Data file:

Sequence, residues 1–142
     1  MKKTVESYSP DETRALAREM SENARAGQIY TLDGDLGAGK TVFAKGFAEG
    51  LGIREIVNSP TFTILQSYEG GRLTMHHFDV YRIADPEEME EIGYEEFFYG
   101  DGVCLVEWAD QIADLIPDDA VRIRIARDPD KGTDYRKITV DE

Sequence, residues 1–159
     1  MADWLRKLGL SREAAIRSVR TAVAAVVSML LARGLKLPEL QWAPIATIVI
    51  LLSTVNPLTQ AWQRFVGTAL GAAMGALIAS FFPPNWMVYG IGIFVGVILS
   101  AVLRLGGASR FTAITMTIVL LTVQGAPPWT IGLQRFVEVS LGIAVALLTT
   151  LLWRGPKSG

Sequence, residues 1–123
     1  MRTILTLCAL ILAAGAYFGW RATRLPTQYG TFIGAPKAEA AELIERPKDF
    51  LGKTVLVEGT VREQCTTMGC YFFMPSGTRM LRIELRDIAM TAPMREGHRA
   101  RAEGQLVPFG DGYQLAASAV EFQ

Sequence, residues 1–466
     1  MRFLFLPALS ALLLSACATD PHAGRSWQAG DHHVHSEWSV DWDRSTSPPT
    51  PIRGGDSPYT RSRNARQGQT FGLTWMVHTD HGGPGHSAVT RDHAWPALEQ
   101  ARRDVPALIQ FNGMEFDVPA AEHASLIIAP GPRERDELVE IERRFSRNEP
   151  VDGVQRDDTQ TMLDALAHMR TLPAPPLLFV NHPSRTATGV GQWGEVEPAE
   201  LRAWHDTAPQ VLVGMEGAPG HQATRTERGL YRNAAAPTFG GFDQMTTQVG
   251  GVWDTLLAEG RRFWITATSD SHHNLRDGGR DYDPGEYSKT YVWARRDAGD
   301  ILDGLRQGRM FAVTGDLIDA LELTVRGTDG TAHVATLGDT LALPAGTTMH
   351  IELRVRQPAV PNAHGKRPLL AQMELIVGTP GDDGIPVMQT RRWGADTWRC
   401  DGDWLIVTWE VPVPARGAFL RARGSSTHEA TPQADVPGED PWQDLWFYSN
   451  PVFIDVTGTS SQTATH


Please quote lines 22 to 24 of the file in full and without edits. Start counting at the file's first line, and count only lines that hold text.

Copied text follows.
   351  IELRVRQPAV PNAHGKRPLL AQMELIVGTP GDDGIPVMQT RRWGADTWRC
   401  DGDWLIVTWE VPVPARGAFL RARGSSTHEA TPQADVPGED PWQDLWFYSN
   451  PVFIDVTGTS SQTATH